These moonshots could be seen as a folly China can ill afford—a distraction from the dogged pursuit of self-reliance, which requires homegrown versions of technologies that China can no longer count on importing from abroad. But according to Ms Zhang of Gavekal, China’s leaders hope that futuristic industries will contribute indirectly to the country’s technological sovereignty by giving it “bargaining chips” in the tech battles ahead. If America threatens to cut off China’s access to a vital input, China can retaliate in kind.

Round the bend

Chinese commentators often talk about “overtaking at the curve”. China’s success in EVs, following its longstanding failure to displace incumbent makers of traditional vehicles, demonstrates that it can sometimes be easier to make advances in fields that are not already occupied by well-entrenched incumbents. According to Jie Mao of the University of International Business and Economics in Beijing and his co-authors, China’s science-and-technology policies from 2000 to 2012 boosted productivity the most in industries in ferment, rather than industries that had reached maturity either at home or abroad. In fighting a guerilla war, Mao Zedong famously believed in occupying the countryside before advancing on the cities. In the same way, China may be marching into wilder and woollier areas of technological discovery, where its long entrenched adversaries have a smaller advantage.

A third objective is to upgrade existing industries. “Even the most traditional agriculture can form new productive forces,” Wang Yong of Peking University has argued, so long as it employs revolutionary technologies. He cites automated planting or selective breeding using big data. At the two sessions, the annual meetings of China’s parliament and its advisory body, a delegate from a prominent state-owned distillery even argued that the new productive forces can be found in hard spirits.

The pursuit of these goals will be expensive. One lesson of the past ten to fifteen years is that large quantities of money cannot guarantee a Hegelian transformation of production. But a lack of spending will surely preclude one.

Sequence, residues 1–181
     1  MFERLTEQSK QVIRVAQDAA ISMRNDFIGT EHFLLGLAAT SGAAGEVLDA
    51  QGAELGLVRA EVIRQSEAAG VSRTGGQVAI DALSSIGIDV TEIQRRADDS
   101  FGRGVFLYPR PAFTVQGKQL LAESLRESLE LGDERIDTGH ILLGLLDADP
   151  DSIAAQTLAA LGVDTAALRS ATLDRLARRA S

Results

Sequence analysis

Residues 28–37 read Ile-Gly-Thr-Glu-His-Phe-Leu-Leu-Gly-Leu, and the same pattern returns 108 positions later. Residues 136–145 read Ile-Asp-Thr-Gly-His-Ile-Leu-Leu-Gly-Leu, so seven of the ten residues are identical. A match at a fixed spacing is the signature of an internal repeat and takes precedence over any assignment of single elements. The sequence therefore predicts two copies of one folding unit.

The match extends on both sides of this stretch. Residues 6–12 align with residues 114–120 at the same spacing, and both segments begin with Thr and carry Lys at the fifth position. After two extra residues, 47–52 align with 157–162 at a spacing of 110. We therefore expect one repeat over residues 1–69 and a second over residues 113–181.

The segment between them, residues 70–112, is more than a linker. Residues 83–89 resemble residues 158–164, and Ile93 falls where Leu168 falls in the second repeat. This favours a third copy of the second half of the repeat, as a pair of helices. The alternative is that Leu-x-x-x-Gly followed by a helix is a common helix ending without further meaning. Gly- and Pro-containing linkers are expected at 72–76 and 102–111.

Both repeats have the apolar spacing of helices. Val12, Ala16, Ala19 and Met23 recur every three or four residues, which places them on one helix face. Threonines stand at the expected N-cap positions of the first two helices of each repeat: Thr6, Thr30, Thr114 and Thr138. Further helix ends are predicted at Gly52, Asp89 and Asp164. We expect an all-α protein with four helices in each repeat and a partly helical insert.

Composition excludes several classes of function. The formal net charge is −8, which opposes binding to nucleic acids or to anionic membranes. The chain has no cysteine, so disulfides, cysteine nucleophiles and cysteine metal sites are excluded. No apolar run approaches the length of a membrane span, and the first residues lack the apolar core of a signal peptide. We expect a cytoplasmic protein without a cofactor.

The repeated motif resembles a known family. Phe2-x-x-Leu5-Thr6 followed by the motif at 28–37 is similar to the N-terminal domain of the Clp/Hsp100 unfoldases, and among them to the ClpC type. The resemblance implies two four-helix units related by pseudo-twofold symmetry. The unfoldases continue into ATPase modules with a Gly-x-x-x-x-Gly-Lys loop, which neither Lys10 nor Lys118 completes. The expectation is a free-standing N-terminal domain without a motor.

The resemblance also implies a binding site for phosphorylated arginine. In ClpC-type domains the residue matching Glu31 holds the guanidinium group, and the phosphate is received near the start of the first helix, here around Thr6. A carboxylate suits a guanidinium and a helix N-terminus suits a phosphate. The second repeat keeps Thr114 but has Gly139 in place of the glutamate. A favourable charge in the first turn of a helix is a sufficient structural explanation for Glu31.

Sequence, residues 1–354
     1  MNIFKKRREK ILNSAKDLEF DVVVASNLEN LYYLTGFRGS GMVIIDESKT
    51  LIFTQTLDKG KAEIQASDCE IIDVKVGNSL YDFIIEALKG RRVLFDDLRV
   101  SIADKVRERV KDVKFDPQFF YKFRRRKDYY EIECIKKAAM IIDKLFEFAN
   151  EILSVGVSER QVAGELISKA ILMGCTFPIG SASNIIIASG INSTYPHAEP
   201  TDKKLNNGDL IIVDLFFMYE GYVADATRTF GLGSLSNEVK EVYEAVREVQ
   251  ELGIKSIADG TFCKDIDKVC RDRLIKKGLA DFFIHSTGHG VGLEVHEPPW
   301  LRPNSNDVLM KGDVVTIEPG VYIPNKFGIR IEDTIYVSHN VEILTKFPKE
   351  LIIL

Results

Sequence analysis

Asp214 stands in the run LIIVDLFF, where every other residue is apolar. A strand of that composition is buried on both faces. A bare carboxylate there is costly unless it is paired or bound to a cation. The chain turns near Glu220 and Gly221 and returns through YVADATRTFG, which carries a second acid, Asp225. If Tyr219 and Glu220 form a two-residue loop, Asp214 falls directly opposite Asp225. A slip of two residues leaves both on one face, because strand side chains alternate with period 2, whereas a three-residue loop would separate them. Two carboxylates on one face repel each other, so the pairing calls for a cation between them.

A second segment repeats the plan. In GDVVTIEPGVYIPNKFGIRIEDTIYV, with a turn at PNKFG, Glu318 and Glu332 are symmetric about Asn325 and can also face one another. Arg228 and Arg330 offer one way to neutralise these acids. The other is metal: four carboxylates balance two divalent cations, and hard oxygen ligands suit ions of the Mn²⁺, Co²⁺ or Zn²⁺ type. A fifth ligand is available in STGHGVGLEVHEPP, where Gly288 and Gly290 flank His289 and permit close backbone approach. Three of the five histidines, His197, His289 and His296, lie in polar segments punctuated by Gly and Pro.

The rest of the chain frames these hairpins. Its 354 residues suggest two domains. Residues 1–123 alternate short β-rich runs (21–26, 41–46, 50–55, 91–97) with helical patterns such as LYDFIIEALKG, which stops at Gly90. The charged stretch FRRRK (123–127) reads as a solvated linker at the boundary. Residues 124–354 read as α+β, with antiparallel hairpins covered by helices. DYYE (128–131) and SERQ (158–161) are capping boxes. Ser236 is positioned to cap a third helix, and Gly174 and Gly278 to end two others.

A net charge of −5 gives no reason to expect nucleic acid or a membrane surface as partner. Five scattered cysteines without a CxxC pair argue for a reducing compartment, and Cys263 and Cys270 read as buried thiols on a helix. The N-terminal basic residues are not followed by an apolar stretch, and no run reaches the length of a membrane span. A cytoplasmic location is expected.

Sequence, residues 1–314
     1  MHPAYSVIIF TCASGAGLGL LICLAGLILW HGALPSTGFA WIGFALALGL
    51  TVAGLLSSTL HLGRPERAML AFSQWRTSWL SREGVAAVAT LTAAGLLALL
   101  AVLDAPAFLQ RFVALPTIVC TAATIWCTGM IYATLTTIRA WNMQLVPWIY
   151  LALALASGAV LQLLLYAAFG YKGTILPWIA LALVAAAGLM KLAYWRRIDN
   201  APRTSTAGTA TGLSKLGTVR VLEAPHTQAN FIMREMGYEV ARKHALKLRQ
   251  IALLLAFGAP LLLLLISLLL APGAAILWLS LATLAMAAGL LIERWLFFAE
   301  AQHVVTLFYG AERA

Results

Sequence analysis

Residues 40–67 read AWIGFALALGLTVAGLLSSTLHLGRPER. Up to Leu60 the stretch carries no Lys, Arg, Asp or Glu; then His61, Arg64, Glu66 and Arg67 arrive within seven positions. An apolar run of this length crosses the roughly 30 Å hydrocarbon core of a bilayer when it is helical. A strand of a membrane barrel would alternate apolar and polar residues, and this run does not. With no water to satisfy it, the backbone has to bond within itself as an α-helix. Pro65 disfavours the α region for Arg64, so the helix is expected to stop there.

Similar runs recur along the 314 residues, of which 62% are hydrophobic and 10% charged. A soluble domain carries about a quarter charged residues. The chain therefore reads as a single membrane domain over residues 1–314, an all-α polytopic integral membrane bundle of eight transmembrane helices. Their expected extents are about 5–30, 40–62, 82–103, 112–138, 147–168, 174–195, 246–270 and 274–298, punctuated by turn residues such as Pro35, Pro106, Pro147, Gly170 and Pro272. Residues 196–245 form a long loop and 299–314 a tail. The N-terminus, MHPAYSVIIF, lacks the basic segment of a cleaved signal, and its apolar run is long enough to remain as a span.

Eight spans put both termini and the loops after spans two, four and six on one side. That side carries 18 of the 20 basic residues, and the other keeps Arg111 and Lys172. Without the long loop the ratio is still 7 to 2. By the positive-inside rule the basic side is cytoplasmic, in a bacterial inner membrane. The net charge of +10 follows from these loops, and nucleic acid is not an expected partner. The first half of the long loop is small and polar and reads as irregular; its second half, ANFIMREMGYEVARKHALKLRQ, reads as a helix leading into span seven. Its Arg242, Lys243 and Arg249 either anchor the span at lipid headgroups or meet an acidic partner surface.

It must therefore worry China’s leaders that local governments’ budgets are stretched and animal spirits are low. In the past, much of the money for China’s tech push has come from local-government funds that raise money from land sales and “special bonds”. Their revenues fell by more than a fifth from 2020 to 2023.

When the economy is booming and local authorities are flush with cash, they are at liberty to invest in ventures that might not pay off for five or ten years, points out Matt Sheehan of the Carnegie Endowment for International Peace, a think-tank. In 2010, for example, growth was rebounding and stimulus money could flood into EVs, solar panels and other evolving technologies. But for local governments in today’s more straitened times, “economic firefighting is going to end up overwhelming attempts to think long term,” he predicts. Companies will be urged to invest in projects that offer short-term payoffs. They may also be pestered and harassed for taxes and fees to help their provincial or municipal patron balance its books.

At this year’s two sessions, Li Qiang, China’s prime minister, set out the country’s “major tasks” for the year ahead. First on Mr Li’s list was “to modernise the industrial system” and develop “new quality productive forces”. Expanding domestic demand, which is necessary to dispel deflation, ranked only third. If the mood and markets do not revive, local governments will struggle to refill their coffers and private investment may fall short. Mr Xi is determined to reinvent China’s economy. To do so, he needs to reinflate it first.

Source: Finance -